In a preliminary study with 50 volunteers without depression, researchers from the University of Oxford are now looking at this, analysing the impact of statins on emotion using tests that analyse different expressions.
They will also check the volunteers’ levels of the C-reactive protein, which is a marker for inflammation, and which is increasingly associated with depression, recent research suggests.
Regularly moving (including doing housework) is key to health, studies show. This week: Burpees while doing the laundry.
Break up the laundry by doing a burpee between folding. Burpees are a great all-over exercise that will raise your heart rate and build strength in the legs, abs, chest and arms, says Chatty Dobson, founder of the FLEX Chelsea personal training studio.
‘Stand with feet shoulder width apart, your weight in your heels and arms at your sides. Push your hips back, bend your knees and lower your body into a squat. Place your hands on the floor directly in front of you and just inside your feet.
‘Shift your weight into your hands, jumping your feet back. Your body should be in a straight line from head to heels, and don’t let your back sag or butt stick up in the air. Jump your feet back so they land just outside your hands, and reach your arms over your head to explosively jump into the air. That’s one rep.’
Then fold or iron, and repeat until the load is complete. Or for another option, do two jumping jacks in between, instead — throwing your arms and legs out wide as you jump, before jumping back to the starting position with feet together and arms by your side.
Break up the laundry by doing a burpee between folding. Burpees are a great all-over exercise that will raise your heart rate and build strength in the legs, abs, chest and arms, says Chatty Dobson, founder of the FLEX Chelsea personal training studio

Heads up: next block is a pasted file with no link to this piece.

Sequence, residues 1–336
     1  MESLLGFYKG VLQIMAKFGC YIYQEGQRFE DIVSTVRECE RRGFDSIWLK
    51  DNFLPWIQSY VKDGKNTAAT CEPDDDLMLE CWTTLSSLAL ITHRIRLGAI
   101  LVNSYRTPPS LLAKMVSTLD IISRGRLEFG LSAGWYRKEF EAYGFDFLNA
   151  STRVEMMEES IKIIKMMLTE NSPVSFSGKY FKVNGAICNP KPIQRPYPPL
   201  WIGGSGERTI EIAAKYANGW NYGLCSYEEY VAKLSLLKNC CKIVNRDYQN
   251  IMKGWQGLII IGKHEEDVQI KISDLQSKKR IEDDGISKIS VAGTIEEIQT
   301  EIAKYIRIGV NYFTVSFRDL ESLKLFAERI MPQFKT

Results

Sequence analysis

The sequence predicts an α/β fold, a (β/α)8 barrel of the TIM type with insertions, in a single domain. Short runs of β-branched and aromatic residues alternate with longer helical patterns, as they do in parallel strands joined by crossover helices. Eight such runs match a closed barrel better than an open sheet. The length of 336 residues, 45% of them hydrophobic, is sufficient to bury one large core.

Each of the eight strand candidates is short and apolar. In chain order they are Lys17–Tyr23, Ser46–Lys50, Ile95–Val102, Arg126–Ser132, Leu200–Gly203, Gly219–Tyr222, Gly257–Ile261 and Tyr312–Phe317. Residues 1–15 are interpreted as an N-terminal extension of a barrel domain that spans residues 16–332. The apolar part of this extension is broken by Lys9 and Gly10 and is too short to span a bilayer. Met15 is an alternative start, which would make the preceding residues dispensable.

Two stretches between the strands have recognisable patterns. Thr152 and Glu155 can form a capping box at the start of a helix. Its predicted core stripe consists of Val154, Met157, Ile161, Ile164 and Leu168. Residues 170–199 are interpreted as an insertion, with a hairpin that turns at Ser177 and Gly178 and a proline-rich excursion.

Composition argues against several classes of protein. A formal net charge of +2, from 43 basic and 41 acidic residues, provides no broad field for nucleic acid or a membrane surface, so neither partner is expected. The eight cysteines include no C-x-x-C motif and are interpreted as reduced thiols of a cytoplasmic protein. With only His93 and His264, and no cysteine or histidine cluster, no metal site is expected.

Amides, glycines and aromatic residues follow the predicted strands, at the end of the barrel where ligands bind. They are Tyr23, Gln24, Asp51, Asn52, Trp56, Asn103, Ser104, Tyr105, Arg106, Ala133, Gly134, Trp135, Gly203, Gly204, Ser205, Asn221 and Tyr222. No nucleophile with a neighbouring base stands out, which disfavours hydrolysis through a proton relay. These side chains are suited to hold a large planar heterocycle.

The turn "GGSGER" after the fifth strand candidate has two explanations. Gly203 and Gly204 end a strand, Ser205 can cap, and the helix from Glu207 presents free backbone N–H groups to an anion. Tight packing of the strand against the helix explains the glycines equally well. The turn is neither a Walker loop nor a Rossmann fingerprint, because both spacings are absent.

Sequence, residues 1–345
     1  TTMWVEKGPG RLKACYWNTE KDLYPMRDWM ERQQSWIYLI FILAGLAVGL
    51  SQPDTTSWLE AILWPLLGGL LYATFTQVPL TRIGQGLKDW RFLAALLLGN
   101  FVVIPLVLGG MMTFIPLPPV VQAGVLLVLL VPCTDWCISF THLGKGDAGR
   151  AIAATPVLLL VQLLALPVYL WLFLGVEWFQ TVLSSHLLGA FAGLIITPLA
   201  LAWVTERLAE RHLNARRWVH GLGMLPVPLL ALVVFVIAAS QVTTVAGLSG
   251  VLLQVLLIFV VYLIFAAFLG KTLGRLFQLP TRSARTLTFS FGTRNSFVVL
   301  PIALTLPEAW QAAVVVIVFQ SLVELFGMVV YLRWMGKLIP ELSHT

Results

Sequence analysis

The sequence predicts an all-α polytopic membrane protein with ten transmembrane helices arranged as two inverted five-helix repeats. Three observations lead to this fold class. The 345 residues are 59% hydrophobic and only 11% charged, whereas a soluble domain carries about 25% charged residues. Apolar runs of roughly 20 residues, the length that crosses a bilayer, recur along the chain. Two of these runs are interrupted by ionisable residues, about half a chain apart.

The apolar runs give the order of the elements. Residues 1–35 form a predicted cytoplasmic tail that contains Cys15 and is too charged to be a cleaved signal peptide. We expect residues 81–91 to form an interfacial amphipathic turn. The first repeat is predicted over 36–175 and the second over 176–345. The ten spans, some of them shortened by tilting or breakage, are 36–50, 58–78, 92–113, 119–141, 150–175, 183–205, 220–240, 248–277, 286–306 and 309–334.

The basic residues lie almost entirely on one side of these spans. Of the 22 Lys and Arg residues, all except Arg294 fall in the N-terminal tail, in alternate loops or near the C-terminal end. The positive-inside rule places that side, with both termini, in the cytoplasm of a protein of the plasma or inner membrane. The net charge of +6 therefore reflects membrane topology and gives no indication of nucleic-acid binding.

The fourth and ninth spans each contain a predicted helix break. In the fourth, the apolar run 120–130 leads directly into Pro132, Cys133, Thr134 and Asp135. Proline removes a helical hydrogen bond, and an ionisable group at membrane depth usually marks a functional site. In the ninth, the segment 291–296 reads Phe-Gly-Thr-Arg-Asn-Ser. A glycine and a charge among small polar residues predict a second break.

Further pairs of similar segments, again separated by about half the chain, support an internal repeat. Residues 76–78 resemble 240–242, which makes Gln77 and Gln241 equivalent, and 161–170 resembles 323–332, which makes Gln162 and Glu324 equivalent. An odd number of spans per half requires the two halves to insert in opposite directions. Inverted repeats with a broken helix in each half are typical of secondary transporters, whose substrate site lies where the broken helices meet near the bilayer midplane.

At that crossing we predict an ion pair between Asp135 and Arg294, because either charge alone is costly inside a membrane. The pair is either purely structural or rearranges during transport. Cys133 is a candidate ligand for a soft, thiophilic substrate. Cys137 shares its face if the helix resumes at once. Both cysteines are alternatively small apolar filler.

The Turmeric Co. shots each contain 35g of fresh raw turmeric, a source of antioxidants, magnesium and vitamins C and B6
The Turmeric Co. shots each contain 35g of fresh raw turmeric, a source of antioxidants, magnesium and vitamins C and B6.
Available in a range of flavours.— 60ml, £2.29, planetorganic.com
Ailments caused by wearing a mask and how to treat them. This week: Cracks at corners of mouth
Wearing a mask can trigger angular stomatitis — inflammation of one or both corners of the mouth.
The cracks happen because masks create warmth and humidity — while sweat and saliva can also irritate the skin.
‘These are perfect conditions for bacteria to flourish and grow’ says Dr Mark Hudson-Peacock, a consultant dermatologist at Stratum Dermatology Clinics in Canterbury.
What to do: ‘Try putting a folded tissue inside the mask — as if it were an extra layer — each time you wear one,’ suggests Dr Hudson-Peacock.
‘This will protect the skin from sweat. Also apply a small amount of petroleum jelly or a coconut oil-based product to the corners of your mouth, which can form a barrier from saliva.
And moisturise the surrounding skin at night. If the condition does not settle or becomes infected, see your GP, as you may have a local fungal infection.’
Wearing a mask can trigger angular stomatitis — inflammation of one or both corners of the mouth